In fact, she does not believe the plan will happen at all.
“It takes too much effort, from law revision to ensuring that the budget is there. For me, it's just a bad example of land speculation,” she said.
“Despite moving the capital, the national government still has to overcome Jakarta's problems, because many of those problems are produced and created by the impact of national government's policies.”
Ben Bland, research fellow and director of the Southeast Asia project at the Lowy Institute, an international policy think tank, says the strategy appears to be earnest, but more progress and information needs to be shown before Indonesians will be convinced.
The details of the feasibility study remain secretive and there has been little public discussion or oversight.
“Given that this has issue has been discussed for so long without progress, investors and civil servants are unlikely to take the government seriously until there are concrete moves to make this happen,” Bland said.
There are lessons to be learnt from the experiences - good and bad - of other nations who have undertaken, or are attempting, the mammoth task of moving their capital, from Brazil to Myanmar, Malaysia and Egypt.
Some have been successful in decentralising crowded capitals, but other projects have been left as white elephants, with ghost cities having to be endured by public servants.
Thus, a well rounded choice of location in such an expansive nation is critical, explained Bambang.
“We are trying to avoid the location that can be categorised as the middle of nowhere.”
LEGACIES OF PRESIDENT’S PAST
The concept of breaking ground for a new capital city is not new. In fact, proposals to move from Jakarta have dotted Indonesia’s modern history.
It was the founding president himself Sukarno that put a relocation on the agenda back in the 1950s in the early years of Indonesia’s independence. President Suharto also wanted to shift the capital in the 1990s to a nearby city in Java, a plan shafted when he resigned.
The legacies of both former leaders hang over critical choices being made now about Indonesia’s future.
The people of Palangkaraya in Central Kalimantan believe there is a destiny in their city becoming capital. From its inception, it was modelled on Washington DC with a large traffic circle, mall and wide avenues, engineered by Russians.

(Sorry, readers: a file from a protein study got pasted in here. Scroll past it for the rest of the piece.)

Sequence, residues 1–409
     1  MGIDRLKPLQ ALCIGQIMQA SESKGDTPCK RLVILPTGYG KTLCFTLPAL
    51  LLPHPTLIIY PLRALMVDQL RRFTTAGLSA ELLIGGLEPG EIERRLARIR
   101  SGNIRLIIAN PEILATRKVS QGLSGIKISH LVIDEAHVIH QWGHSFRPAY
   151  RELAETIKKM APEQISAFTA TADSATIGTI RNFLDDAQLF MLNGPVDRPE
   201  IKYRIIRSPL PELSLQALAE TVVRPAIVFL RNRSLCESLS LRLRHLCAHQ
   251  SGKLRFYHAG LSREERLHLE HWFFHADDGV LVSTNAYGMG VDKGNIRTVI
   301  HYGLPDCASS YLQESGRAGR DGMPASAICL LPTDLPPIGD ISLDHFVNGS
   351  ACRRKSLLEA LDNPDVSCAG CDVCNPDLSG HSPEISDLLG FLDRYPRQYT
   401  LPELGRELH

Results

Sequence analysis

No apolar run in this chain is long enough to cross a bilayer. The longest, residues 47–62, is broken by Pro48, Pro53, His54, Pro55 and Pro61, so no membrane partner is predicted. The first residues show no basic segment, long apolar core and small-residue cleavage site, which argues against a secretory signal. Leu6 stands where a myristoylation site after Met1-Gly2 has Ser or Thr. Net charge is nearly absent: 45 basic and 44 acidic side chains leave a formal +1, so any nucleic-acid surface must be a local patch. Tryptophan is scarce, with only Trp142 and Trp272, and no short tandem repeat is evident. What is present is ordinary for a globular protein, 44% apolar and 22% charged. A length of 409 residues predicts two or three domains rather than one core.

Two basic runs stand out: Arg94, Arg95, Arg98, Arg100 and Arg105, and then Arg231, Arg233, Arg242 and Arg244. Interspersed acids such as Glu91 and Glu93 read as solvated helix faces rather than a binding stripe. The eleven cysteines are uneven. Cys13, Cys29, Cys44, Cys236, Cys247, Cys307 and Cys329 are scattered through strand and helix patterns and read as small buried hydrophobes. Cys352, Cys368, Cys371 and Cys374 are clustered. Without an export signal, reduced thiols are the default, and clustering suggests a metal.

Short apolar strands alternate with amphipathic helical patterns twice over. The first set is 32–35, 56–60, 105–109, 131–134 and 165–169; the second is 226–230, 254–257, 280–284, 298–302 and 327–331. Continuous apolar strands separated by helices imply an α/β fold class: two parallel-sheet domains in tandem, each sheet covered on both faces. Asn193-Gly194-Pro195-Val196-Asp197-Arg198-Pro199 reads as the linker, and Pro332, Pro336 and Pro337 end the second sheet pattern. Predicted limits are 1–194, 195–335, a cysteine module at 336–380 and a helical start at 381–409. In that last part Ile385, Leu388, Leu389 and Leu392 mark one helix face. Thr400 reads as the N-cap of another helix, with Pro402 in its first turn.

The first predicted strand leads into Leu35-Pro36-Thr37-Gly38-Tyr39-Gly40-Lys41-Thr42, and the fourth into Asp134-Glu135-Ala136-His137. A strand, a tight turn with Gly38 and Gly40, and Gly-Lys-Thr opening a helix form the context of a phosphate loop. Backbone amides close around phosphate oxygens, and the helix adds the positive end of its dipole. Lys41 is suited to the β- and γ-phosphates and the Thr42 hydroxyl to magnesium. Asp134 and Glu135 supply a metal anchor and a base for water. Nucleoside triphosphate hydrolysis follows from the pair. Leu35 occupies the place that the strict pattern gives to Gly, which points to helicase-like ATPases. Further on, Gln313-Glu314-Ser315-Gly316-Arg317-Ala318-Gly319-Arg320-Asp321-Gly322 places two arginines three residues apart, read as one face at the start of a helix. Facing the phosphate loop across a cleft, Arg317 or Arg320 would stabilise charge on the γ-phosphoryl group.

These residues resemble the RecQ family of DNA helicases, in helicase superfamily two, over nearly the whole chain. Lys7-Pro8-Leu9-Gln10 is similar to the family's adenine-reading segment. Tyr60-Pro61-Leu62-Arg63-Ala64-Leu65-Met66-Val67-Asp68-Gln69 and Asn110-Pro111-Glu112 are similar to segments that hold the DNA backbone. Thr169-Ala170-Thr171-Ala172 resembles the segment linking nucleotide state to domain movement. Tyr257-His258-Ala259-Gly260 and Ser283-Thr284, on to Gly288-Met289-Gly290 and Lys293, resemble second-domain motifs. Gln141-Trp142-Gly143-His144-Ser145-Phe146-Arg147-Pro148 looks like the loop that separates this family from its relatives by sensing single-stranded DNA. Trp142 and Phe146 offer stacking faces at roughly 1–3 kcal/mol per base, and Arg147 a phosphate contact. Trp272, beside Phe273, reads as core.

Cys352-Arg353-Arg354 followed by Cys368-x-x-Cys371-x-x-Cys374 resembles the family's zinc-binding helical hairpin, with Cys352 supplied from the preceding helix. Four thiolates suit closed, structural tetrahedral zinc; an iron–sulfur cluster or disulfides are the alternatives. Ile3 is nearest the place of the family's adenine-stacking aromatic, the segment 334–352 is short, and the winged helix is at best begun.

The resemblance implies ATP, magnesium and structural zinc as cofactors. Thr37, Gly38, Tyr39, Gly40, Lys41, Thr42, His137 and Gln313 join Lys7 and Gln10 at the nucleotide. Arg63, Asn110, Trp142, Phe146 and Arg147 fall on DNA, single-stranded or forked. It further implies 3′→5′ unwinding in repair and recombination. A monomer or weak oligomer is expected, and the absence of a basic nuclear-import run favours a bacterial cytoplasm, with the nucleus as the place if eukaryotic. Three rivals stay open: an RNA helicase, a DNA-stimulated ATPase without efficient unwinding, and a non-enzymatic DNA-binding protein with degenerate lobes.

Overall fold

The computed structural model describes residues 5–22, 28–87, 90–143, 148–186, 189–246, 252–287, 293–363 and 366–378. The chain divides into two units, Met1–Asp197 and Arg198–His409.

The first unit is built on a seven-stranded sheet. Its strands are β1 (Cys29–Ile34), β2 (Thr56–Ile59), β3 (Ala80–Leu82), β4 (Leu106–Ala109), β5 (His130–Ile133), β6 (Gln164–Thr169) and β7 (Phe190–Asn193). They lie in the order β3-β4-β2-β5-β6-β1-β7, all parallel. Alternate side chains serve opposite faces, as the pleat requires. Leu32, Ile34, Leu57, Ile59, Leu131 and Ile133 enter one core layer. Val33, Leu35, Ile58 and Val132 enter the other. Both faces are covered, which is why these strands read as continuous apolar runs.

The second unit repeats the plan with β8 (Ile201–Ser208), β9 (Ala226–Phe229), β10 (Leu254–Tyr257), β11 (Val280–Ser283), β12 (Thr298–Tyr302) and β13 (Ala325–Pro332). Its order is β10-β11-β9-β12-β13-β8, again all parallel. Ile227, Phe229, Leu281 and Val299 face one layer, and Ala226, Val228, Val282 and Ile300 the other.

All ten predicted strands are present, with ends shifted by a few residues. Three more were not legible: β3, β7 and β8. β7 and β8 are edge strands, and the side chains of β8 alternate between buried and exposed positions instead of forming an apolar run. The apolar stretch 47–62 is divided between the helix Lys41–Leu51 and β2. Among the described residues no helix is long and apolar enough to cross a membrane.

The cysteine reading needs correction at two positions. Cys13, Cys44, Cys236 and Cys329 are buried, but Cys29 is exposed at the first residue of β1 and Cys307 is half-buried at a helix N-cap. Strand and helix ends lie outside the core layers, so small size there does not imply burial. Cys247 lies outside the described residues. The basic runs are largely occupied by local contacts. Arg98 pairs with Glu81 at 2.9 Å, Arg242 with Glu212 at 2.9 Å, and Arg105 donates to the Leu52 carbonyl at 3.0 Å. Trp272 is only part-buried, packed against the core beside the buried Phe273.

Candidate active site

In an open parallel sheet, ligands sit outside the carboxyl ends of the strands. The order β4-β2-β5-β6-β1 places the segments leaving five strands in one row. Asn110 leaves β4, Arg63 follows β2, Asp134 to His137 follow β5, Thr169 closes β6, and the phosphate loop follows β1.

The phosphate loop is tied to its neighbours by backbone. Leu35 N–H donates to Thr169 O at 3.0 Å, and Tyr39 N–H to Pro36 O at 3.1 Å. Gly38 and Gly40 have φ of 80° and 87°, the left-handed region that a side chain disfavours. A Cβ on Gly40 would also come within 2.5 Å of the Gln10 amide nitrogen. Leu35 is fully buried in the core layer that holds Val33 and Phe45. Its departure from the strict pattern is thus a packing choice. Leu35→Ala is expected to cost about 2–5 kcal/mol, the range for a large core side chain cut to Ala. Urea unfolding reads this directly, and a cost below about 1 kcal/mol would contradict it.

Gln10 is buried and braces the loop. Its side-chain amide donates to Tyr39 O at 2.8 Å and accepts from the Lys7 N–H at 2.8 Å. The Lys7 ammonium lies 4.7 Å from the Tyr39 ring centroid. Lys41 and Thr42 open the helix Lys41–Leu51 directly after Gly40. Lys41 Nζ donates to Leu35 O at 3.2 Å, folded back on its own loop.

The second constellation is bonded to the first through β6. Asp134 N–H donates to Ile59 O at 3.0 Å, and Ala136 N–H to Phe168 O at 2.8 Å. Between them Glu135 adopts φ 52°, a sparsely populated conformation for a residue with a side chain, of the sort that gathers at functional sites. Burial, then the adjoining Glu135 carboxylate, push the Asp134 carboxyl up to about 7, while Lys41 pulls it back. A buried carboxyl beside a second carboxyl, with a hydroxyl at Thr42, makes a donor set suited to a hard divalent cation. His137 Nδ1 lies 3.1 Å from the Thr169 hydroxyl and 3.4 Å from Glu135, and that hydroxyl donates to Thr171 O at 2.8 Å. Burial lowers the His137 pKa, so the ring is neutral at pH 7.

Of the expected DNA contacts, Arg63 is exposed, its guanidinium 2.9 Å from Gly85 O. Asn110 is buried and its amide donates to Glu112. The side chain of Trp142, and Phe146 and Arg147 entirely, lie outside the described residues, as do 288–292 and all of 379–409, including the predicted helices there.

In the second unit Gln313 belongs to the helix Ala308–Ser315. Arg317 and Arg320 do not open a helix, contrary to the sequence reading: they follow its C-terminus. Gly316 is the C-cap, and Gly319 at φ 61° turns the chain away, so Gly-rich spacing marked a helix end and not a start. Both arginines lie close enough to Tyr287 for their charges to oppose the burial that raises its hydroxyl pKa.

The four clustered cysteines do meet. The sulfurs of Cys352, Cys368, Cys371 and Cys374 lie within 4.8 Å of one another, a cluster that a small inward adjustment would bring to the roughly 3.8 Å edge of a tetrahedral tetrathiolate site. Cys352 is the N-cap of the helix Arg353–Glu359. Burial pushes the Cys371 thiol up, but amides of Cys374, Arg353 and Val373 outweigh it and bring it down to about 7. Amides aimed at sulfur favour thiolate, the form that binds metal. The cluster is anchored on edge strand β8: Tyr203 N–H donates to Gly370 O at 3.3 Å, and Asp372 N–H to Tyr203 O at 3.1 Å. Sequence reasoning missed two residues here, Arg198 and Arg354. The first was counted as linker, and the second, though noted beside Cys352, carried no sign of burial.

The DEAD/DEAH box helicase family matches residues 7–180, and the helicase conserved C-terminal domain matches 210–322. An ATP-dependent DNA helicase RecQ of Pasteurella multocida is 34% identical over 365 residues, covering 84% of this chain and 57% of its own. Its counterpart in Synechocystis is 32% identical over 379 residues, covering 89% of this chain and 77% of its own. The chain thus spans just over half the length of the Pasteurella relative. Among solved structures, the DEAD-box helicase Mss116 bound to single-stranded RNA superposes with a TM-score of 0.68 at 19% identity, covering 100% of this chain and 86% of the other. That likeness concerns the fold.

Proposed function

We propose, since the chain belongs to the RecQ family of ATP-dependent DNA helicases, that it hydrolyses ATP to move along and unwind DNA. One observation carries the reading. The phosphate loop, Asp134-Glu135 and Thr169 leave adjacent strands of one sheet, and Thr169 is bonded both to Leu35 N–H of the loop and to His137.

“Sukarno wished to build a new city like Washington DC, a new type of city to be a model for Indonesia. His ambition was to realise it in Palangkaraya,” said Central Kalimantan Governor Sugianto Sabran.
That vision will be complicated by contemporary challenges of land ownership and availability. Palangkaraya is far from a bustling city, but with a population of about 250,000 people, it cannot simply be supplanted.
“Most of the land is already owned by people and occupied. And the area itself mostly is swamp or peatland. It is more natural if they build a new city,” said Wijanarka, local architect and university lecturer.
An area north of the city has been proposed that straddles three local regencies, dubbed the “Palangkaraya Triangle”. There is ample room for the construction of a large city, which would be flanked by two major rivers. It is an area being properly examined by the planning ministry.
It has the support of many Palangkaraya residents, excited about the prospect of the hum of economic activity and investment in their area. “Palangkaraya is safe, there are no protests, no rallies and it’s peaceful. We locals are ready,” long term resident Dwi Subagyo boasted.
Yet, despite the keenness, history and nostalgia connected to Palangkaraya, there are obvious weaknesses to the bid, such as a lack of significant infrastructure and access to a seaport - both key criteria in the central government’s feasibility study. The city is inland, meaning the construction of hundreds of kilometres of major roads to the coast would be needed.